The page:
Carleton College researcher uncovers the Boston Massacre’s human element
You probably learned in history class that the Boston Massacre of 1770 is one of the foundational moments of the American Revolution. Now a Minnesota history professor is arguing in a new book that what happened on that evening almost exactly 250 years ago has been deeply misunderstood.
Long before the Tea Party, Boston was a tiny town known as a center of trade for goods coming in and out of British North America.
"What we know is that on March 5, 1770, there's a lone sentry who is in front of the Custom House in the center of Boston," said Serena Zabin during an interview in her office at Carleton College, where she teaches history and directs the American Studies program.
When a group of citizens begin harassing the sentry, he calls for help, she said. Soon, eight British redcoats arrive and order everyone to leave. They don’t.
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"At some point, someone yells, 'Fire!' And the soldiers fire,” Zabin said. “And when the smoke clears there are four Bostonians dead on the street and a fifth one dying of his wounds and several others are wounded. And that is the event which becomes known as the Boston Massacre."
Central to this is Paul Revere's famous etching of the event. A framed copy sits on a shelf near Zabin’s desk. It depicts an officer ordering the line of soldiers to shoot into the crowd — a powerful image that has been a staple of history books.
"It's almost the only picture we have from British North America from this period," she said.
Zabin describes in her book, "The Boston Massacre: A Family History," how Revere meant the image to be inflammatory, showing citizens suffering under the whims of a distant power.
However, her research found a different, much more messy, story.
It began with a political flyer distributed in Boston in the days following the shooting. Zabin found a copy in Carleton's own collection.
"And I brought my students to look at it actually for several years, and we read it, before I really paid any attention to it," she said.
It was a contemporary account of some of the evidence gathered after huge numbers of people came forward to testify as to what happened that night. One witness is described as a soldier's wife.
"And I thought, 'I don't know anything about soldiers’ wives. I didn't even know soldiers’ wives came to Boston,’" she said.
Histories of the time were written by politicians and military men. They focused on what interested them, and that didn't include wives and families. It turned out there were many women and children — as well as a lot of soldiers — all crammed into what was then a very small Boston.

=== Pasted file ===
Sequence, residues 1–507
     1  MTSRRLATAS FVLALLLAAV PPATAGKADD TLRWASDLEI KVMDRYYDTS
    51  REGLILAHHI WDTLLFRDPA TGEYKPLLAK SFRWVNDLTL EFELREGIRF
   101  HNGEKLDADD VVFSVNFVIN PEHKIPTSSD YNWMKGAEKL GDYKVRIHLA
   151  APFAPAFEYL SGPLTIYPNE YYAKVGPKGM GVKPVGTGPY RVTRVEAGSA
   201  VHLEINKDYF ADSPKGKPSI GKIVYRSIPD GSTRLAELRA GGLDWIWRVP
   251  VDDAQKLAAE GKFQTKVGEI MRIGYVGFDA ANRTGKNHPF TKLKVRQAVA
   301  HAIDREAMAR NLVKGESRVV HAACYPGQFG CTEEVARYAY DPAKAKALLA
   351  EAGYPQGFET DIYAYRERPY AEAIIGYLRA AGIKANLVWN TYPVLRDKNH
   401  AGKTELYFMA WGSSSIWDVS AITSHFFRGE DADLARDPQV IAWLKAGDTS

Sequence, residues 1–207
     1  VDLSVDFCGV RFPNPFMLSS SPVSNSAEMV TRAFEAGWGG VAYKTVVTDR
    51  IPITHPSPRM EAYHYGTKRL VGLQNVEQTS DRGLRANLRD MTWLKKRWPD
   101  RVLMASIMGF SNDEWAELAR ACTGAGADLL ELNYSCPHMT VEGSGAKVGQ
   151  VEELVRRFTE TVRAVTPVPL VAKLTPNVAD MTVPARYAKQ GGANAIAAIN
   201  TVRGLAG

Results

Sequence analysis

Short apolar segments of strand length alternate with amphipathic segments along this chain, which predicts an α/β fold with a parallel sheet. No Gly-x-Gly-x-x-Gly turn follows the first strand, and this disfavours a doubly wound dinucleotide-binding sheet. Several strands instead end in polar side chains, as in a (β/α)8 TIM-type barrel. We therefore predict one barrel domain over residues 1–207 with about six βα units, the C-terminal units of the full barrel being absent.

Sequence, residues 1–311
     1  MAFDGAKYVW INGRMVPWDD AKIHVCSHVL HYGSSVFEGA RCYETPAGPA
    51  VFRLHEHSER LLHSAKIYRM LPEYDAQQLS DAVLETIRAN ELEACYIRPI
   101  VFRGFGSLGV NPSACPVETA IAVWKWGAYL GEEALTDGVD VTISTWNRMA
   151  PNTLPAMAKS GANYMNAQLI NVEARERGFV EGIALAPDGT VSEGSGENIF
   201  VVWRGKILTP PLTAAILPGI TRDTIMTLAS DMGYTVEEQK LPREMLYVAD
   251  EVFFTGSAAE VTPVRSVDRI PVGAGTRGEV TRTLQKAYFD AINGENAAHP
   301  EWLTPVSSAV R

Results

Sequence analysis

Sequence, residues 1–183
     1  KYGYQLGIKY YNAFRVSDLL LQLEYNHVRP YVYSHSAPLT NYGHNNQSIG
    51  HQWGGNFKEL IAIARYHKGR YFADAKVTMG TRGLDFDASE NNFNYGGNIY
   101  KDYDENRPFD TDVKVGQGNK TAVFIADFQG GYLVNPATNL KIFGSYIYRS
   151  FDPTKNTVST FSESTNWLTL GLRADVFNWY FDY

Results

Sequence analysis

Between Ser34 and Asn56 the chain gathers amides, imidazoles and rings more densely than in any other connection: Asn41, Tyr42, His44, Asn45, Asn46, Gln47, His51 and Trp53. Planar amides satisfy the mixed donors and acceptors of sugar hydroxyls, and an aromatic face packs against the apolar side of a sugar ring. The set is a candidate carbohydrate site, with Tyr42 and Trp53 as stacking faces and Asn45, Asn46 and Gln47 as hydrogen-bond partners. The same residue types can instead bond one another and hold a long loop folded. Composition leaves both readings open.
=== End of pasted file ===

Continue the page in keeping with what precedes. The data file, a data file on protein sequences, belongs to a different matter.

"It was not a big place," said Zabin. "At that point, it was about a square mile."
There were 16,000 Bostonians, and they were upset. First, two regiments of British troops arrived. Then, their commanding officers ordered the 2,000 soldiers — and the 500 women and children traveling with them — to find lodging in the already-crowded town.
"And they end up living in people's houses and in their spare rooms and in their sheds," Zabin said.
Zabin wanted to get a better idea of the societal impact, so she began going through the records: marriages, births and baptisms. She also went to London and researched the regimental muster rolls. She put it all in a database and cross-referenced names with other historical records.
"It was almost 10 years of work," she laughed.
Zabin argues that what happened in Boston was far from the clash of strangers as it has been depicted historically. Instead, she said, it was a fight between neighbors.
She found accounts of socializing between Bostonians and military leaders both before and long after the Massacre. She found records of local women marrying soldiers and soldiers quietly slipping away from their regiments to become colonists. The Boston Massacre was less of a political event and more of a messy divorce.
Zabin will launch her book at the Content Bookstore in Northfield and then read at the Magers and Quinn Bookstore in Minneapolis on Feb. 27. She said she hopes readers will see that a lot of history supposedly carved in stone may not be.
"This history of the U.S. founding actually is much more dynamic and much more human and much more emotional than we tend to think of it. And it's a lot more interesting," she said.